The city's Health Department received official notification Sept. 14 from St. Louis-based Ascension Health, the Catholic nonprofit owner of Providence hospital, of its intention to end acute care and emergency room services by the end of this year, according to D.C. Health Director LaQuandra Nesbitt, who testified at the hearing Wednesday.
The hospital has been shutting programs and putting out alternatives for the last couple years, such as for conversion to a health campus less focused on the use of in-patient services ("'Health Village' Proposal Sparks Discussion in D.C.," Hospital and Health Networks).

Changing the health care planning process to address closures.  FWIW, the proposed revision of the hospital planning process is a good thing, and should be made permanent because it creates a process that engages the city and health planners (if we have any) and creates the opportunity for extra-normal intervention when warranted.

But for this to work, you need a systematic and comprehensive plan and needs assessment. Likely, DC "has enough" hospitals, even if the overall lack of a "system" for health and wellness care has many gaps.

What to do? I can't claim to know what should be the outcome for Providence Hospital.  And note that while they want to cease "hospital services" they still have plans to deliver health care services at that site ("Here’s the latest on Providence hospital’s upcoming closure in D.C.," in line with the previously announced "Health Village" concept.

Changes in the way hospitals do business and deliver care.  Healthcare is shifting from in-hospital care and focus on patient beds to non-in-patient care, reduction in the number of beds, a shift to very specialized services, private rooms, etc.

As an industry, there is a lot of consolidation, including more and more combining of smaller health care systems into larger entities.

(Fortunately, I haven't spent much time in hospitals in the last 30 years, but last year I spent a fair amount of time at Holy Cross Hospital and later a nursing home in DC and was amazed at how the delivery and treatment of in-patients has changed, especially in a relatively new facility like Holy Cross.)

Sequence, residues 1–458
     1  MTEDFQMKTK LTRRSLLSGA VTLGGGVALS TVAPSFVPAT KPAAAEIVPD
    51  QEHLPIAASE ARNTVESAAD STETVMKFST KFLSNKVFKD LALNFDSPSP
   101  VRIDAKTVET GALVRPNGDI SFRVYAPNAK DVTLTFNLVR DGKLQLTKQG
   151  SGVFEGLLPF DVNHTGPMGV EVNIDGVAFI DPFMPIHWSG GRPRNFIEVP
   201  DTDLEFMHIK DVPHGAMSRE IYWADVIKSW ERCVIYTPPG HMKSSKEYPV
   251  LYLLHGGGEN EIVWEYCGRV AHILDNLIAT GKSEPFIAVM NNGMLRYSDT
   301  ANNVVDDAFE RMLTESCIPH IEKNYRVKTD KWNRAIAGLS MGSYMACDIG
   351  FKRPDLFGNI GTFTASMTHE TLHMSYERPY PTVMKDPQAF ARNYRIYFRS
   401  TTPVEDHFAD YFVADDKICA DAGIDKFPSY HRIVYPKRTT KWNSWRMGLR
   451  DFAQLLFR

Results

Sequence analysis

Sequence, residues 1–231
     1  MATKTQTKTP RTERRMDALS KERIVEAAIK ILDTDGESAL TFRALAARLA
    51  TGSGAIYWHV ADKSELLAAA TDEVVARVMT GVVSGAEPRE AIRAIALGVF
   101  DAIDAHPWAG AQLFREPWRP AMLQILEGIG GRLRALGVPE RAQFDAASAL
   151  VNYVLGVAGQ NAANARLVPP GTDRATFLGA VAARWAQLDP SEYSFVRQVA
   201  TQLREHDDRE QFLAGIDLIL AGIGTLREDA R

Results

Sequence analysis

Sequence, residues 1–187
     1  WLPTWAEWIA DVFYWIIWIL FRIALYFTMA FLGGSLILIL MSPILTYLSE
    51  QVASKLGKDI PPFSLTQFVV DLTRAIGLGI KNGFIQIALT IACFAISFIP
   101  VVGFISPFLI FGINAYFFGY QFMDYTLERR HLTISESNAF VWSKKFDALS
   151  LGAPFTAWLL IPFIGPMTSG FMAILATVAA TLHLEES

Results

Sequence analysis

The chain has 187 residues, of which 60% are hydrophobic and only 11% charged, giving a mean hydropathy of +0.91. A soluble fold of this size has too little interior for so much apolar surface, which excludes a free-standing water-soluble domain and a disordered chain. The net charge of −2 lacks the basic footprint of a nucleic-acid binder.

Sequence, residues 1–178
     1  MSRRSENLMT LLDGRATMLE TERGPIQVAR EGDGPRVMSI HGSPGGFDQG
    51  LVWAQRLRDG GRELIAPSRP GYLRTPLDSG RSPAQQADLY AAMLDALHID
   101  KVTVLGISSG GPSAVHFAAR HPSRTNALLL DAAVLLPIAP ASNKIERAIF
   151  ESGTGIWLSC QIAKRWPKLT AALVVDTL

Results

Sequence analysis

Competition.  DC proper has a lot of hospitals including seven general hospitals: Georgetown (Medstar), GWU (Universal Health Services, a for profit company) , Washington Hospital Center (Medstar), Howard University, United Medical Center, Providence Hospital (Ascension), Sibley Hospital (Johns Hopkins System); and multiple specialty hospitals such as the Children's Hospital.

In the area outside of DC there are plenty of other hospitals, the large Inova System in Virginia, the Dimensions system in Prince George's County, Holy Cross in Montgomery County, Washington Adventist in Montgomery County which is moving from Takoma Park to White Oak, etc.

Providence is also pretty close to a major competitor, Washington Hospital Center, which has the Washington Hospital, National Rehabilitation Hospital, and Children's Hospital on its campus + the VA Hospital.

Locational factors.  Like Washington Adventist Hospital, which found its out-of-the-way location in Takoma Park to be a hindrance to wider usage as well as being less well placed vis a vis a larger market for health care services, Providence Hospital is in an out of way location and unable to grow.

Need for significant investment.  The Providence Hospital facilities are old and in need of significant investment to be able to compete with other hospitals for higher income patients.  And, like with the proposal for UMC, hospitals generally are getting smaller in terms of in-patient care and the number of beds, shifting to private rooms, etc.

Georgetown is getting a big investment of close to $600 million ("MedStar Georgetown Construction to Begin January 2018," Georgetown Hoya). A new PG Hospital is being built with 205 beds at $543 million (WBJ).  Sibley has been expanded to the tune of $280 million in new investments (WBJ).  DC is planning on building a new UMC.  Washington Adventist is building a new hospital in White Oak, which is about 7.6 miles away.

Maybe it's a bad fit for Ascension but not for other nonprofit hospital groups?  In the context of "health care chains" either for profit or nonprofit, in terms of making investment decisions, Providence is owned by Ascension Health Systems, which is mostly based in the Midwest, with only two properties--Providence in DC and St. Agnes in Baltimore--in the region.

Perhaps another religious-infused nonprofit health care firm would take it off their hands, e.g., Holy Cross Hospitals in Montgomery County are owned by Trinity Healthcare, or Bon Secours Mercy Health, which has facilities in Maryland and Virginia.  But they'd have to see upside in doing so.

The lost opportunity of creating an affiliated medical school at Catholic University.  A long time ago either or both Providence and Washington Hospital Center should have reached out to CUA about creating a Medical School, which could have linked with either or both hospitals.  Now though, CUA is experiencing a range of financial and management troubles and isn't in a position to grow.

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At 9:16 AM, Blogger Richard Layman said...

The New Yorker: The Death of Hahnemann Hospital.